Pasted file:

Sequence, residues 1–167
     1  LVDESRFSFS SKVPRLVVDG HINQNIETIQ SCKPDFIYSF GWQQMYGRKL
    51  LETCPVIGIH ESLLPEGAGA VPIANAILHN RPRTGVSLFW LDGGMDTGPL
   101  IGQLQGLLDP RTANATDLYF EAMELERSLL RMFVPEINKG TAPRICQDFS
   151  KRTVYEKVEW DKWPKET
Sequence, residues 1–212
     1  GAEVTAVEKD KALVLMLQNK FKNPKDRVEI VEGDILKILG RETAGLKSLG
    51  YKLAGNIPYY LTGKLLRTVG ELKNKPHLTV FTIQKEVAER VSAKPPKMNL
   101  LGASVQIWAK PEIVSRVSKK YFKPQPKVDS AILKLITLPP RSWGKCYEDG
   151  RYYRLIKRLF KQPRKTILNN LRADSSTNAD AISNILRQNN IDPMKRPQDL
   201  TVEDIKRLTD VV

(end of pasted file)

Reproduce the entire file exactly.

Sequence, residues 1–167
     1  LVDESRFSFS SKVPRLVVDG HINQNIETIQ SCKPDFIYSF GWQQMYGRKL
    51  LETCPVIGIH ESLLPEGAGA VPIANAILHN RPRTGVSLFW LDGGMDTGPL
   101  IGQLQGLLDP RTANATDLYF EAMELERSLL RMFVPEINKG TAPRICQDFS
   151  KRTVYEKVEW DKWPKET
Sequence, residues 1–212
     1  GAEVTAVEKD KALVLMLQNK FKNPKDRVEI VEGDILKILG RETAGLKSLG
    51  YKLAGNIPYY LTGKLLRTVG ELKNKPHLTV FTIQKEVAER VSAKPPKMNL
   101  LGASVQIWAK PEIVSRVSKK YFKPQPKVDS AILKLITLPP RSWGKCYEDG
   151  RYYRLIKRLF KQPRKTILNN LRADSSTNAD AISNILRQNN IDPMKRPQDL
   201  TVEDIKRLTD VV